Pinker also believes that we would benefit more by increasing our in-person face-to-face contact and cutting back our use of technology as a way to try to better connect with others.

 

Alone Together

Another fascinating book that I read in 2017 was ‘Alone Together’ by Sherry Turkle.

Image result for alone together sherry turkle

Turkle’s 2011 book also highlights the difference between how often we interact with other people and how sad, disconnected or alone we feel.

Her 2012 TED talk nicely summarises the negative aspects of technology and how it is leading to a greater sense of loneliness, even though it is easier than ever to remain in contact in some way or another:

As Turkle says:

“we use conversation with each other to learn how to have conversation with ourselves. A flight from conversation can really matter, because it can compromise our capacity for self reflection. For kids growing up, that skill is a bedrock for development.”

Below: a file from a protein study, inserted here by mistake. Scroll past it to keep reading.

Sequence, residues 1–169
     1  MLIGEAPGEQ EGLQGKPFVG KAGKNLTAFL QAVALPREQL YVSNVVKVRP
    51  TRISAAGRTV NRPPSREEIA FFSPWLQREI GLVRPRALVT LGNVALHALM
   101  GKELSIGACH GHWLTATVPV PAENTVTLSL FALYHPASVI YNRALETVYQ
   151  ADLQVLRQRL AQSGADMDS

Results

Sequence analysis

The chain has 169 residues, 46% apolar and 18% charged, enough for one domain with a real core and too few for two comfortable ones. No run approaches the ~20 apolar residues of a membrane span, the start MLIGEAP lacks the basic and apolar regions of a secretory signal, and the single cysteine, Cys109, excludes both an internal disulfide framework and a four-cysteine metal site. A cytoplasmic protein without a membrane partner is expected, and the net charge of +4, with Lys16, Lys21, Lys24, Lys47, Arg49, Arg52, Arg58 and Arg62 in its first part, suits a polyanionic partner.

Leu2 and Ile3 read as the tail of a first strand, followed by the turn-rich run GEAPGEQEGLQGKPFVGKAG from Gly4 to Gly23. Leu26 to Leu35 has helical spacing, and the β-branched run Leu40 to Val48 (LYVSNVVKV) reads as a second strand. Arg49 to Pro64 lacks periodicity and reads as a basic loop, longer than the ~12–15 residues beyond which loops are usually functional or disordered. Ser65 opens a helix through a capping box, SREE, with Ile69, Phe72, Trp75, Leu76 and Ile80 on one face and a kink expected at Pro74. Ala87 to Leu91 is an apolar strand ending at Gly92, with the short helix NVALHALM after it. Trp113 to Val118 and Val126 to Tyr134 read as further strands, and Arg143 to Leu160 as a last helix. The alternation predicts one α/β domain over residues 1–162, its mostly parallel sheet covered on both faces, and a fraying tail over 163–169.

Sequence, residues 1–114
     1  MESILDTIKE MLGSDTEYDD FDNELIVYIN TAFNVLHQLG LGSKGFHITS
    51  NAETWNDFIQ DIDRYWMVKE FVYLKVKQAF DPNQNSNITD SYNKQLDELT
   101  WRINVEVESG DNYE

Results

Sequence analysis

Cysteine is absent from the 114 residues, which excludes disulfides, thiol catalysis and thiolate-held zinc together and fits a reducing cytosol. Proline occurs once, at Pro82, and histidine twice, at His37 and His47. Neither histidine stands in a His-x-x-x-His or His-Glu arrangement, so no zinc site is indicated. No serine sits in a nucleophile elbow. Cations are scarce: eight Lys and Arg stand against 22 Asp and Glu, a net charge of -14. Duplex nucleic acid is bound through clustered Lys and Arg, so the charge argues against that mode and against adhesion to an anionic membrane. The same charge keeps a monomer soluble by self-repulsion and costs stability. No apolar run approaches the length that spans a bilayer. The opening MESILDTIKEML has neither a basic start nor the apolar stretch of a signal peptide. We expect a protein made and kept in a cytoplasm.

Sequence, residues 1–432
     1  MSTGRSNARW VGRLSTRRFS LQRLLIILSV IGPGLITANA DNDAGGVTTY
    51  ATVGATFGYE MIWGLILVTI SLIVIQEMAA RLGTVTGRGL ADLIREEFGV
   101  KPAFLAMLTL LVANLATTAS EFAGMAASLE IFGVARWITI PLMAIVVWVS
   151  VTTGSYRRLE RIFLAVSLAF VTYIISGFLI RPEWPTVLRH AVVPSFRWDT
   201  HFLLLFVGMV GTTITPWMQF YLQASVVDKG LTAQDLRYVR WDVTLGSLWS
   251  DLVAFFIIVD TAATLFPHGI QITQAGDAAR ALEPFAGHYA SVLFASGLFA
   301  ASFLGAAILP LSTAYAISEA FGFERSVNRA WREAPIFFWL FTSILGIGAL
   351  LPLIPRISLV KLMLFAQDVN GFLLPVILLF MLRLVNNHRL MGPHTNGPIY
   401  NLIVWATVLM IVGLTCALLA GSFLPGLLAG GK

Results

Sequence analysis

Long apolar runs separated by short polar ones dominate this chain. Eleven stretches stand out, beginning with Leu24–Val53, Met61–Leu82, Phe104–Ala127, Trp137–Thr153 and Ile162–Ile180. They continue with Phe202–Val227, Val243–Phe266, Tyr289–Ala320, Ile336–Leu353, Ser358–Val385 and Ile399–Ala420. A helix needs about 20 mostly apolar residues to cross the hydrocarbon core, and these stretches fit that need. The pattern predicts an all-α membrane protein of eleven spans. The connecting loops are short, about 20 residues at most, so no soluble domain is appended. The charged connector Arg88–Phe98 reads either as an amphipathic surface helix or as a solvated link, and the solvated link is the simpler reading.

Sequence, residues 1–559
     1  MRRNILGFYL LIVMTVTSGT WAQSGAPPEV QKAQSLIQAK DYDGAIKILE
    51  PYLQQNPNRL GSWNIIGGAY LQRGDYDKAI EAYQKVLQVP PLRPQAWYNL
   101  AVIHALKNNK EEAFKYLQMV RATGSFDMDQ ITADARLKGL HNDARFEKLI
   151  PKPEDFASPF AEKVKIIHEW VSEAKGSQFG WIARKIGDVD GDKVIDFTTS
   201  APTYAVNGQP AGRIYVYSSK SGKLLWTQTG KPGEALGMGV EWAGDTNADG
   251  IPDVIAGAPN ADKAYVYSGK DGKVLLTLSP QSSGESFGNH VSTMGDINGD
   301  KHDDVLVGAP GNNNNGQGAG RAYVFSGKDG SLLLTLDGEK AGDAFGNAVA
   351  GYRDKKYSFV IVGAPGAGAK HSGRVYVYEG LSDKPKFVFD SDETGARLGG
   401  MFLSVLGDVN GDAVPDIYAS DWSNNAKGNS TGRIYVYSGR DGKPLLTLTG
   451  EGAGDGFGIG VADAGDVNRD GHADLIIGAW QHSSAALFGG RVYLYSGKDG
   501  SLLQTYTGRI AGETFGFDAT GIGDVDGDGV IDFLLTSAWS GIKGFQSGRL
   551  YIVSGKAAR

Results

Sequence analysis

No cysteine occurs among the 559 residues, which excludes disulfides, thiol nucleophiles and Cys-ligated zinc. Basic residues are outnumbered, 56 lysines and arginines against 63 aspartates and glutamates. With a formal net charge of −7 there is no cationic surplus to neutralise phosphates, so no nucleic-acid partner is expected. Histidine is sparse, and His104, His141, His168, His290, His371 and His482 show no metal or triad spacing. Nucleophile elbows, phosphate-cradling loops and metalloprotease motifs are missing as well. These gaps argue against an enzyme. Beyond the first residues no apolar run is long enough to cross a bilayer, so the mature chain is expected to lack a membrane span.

Turkle concludes:

“we’re lonely, but we’re afraid of intimacy. (We want) the illusion of companionship, without the demands of friendship.” (As a result, we) expect more from technology, and less from each other. (We imagine, that with technology), we’ll never have to be alone.”

It’s pretty scary stuff when you think about it. However, Turkle’s findings are a clear indicator that loneliness is more damaging than isolation, so one point for me.

 

Other Research

Social isolation is associated with:

  • an increased risk of depression (Hari, 2018),
  • more heart disease (Barth, Schneider, & von Känel, 2010),